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The Boys and Girls club of West Salem has found a news home. They will lease the former Hope Community Church on Hamilton Street.
Mike Desmond, executive director of the Boys & Girls Clubs of Greater La Crosse says they will lease the building on a month to month agreement and the church retains ownership of the building - which had been vacant since the church moved in August 2009 to a new site. The only cost to the Boys & Girls Club will be payment of the utilities.
Move in is already taking place and the opening date is scheduled for February 7th.
Someday, what was once known as the Mobil Oil site in La Crosse could be the city's grand new development.
But that someday seems quite a ways away. The city council this month will consider hiring a consultant to help deal with environmental clean-up at the former industrial site between Copeland avenue and the Black River. But that might be premature. The DNR tells us that the city will have to come up with a plan for what it wants to do with the site before a plan for environmental clean-up by Exxon-Mobil can be created. Just now the city is beginning the process of planning for use. Basically, the DNR tells us, Exxon-Mobil is on the hook for clean-up. But the company isn't sure how much clean-up it will have to do.
For now, the wrecking ball's being held at bay in West Salem. The former site of the West Salem Boys and Girls club was slated for demolition after the building's roof caved under the weight of heavy snow. Building owner Franciscan Skemp had said the building would be razed and the lots underneath sold. But that might not be the case anymore. Franciscan Skemp confirms for us that they're in negotiations with somebody over possibly selling the building intact. There's a possibility that a developer would buy the building, repair it and turn it into office space. The Boys and Girls club, meanwhile is moving to a former church space.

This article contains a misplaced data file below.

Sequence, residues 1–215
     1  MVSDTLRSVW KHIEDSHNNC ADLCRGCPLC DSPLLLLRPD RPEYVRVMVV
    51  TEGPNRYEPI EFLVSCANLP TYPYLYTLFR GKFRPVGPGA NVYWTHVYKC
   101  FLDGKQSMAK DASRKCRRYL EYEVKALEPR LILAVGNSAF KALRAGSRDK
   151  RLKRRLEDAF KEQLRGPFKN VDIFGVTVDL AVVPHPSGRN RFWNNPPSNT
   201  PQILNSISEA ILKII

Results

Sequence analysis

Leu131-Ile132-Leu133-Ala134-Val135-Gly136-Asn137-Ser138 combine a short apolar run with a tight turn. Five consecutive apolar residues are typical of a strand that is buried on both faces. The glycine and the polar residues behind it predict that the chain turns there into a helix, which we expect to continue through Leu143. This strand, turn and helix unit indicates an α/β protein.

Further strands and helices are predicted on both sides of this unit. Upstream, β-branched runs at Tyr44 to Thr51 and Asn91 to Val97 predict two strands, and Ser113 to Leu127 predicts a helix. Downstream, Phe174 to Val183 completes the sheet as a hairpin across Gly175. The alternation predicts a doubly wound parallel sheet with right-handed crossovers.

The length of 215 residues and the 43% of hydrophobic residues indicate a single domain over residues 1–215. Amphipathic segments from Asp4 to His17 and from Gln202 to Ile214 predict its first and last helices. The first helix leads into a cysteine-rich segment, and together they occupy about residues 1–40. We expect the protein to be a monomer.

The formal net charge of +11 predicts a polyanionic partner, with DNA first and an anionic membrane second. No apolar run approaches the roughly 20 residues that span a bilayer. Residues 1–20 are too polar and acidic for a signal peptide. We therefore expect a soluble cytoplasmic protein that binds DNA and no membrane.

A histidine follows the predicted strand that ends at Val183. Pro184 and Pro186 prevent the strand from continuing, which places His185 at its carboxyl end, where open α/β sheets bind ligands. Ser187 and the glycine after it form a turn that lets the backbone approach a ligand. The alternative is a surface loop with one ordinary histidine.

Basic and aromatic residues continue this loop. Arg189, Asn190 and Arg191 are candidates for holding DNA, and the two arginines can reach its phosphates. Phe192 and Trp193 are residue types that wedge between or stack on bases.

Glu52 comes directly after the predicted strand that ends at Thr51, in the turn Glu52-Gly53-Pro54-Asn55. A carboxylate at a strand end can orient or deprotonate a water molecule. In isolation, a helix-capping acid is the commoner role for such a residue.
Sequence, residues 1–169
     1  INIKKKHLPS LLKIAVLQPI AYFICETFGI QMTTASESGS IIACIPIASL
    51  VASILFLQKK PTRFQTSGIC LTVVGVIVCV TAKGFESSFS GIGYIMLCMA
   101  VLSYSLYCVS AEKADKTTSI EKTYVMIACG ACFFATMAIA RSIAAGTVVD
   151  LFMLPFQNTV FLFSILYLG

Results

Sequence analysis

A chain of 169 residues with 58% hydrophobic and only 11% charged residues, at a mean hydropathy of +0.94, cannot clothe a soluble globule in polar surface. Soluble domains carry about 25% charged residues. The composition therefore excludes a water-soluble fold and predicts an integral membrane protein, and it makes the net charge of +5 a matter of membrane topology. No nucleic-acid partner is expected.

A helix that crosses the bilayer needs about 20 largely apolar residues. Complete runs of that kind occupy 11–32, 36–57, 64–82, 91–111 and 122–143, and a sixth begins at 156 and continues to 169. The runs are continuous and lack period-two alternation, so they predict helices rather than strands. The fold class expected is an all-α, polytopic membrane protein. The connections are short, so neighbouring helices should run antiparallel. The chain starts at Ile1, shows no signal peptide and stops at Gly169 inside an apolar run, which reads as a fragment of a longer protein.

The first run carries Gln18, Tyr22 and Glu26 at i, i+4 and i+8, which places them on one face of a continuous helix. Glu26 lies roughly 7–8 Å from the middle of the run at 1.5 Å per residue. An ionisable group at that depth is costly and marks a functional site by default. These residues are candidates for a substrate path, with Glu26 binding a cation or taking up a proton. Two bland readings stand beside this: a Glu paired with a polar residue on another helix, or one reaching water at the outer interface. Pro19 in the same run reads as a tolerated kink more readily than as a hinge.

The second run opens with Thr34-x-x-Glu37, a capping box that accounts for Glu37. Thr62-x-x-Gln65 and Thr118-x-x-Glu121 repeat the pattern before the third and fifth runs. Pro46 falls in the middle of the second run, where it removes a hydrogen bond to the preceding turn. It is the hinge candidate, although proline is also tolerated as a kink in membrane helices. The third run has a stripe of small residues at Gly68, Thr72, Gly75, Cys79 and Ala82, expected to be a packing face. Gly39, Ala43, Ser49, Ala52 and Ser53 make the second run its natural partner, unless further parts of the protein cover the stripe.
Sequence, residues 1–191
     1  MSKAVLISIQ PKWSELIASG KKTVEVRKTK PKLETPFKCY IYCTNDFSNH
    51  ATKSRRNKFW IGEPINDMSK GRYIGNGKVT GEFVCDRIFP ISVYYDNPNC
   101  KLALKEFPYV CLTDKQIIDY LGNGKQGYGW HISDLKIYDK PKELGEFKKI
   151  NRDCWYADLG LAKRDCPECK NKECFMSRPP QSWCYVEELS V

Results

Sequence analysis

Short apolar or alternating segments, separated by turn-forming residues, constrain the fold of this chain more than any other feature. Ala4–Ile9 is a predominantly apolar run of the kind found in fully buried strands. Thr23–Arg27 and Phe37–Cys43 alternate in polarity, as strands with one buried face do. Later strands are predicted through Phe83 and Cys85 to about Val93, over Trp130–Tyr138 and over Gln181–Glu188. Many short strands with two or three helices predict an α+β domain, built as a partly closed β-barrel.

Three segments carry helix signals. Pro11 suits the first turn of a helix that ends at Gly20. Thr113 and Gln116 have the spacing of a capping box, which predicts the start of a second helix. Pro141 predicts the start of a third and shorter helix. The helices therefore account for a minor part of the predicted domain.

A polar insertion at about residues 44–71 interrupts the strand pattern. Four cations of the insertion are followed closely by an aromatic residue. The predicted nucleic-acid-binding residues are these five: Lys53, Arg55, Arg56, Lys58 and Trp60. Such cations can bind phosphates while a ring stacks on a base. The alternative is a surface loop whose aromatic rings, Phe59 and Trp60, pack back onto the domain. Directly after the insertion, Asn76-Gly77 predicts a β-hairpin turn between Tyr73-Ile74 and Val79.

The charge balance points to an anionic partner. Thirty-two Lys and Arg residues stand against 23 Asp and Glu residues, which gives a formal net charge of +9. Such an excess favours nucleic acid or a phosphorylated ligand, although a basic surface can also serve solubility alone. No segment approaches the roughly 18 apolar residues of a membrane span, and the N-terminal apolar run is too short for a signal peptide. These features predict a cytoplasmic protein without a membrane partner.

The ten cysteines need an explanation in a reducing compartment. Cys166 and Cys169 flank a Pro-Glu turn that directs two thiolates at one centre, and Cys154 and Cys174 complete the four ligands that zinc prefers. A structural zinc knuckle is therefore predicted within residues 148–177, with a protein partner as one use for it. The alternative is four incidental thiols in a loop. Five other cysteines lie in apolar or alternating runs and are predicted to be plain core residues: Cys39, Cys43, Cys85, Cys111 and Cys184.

Flash an ID, cast your ballot. Seems like a simple proposal from legislative Republicans in Madison. But it's more restrictive than that, says Jay Heck with Wisconsin Common Cause. Because the hurdles for to get an ID are good-sized and many forms of ID won't be accepted under current legislation. Even university-provided identification won't be acceptable. Same for passports. Heck says the proposal will disproportionately keep minorities, students and the elderly away from the polls. Which, he says, seems to be exactly the types of voters Republicans want to keep from casting a ballot.
So far, a permanent schedule has yet to be figured out for high school football in Wisconsin.
Next fall, it will be a nine game season. And, just decided this week by the WIAA board, an eight game schedule for 2012. The process highly complicated by differences of opinion about when the season should end. Including those who think state finals should wind up on Thanksgiving week-end, says WIAA area rep and Bangor superintendent, Roger Foegen which is problematic, he says, because of the obvious conflicts with the holiday and with deer hunting for which some school districts take off an entire week of school.
Above all, Foegen says, the WIAA wants to stay away from having a cluster of games at the end of the season for safety's sake. But the agency also doesn't want too early of a start in the summer to avoid conflicts with summer vacations.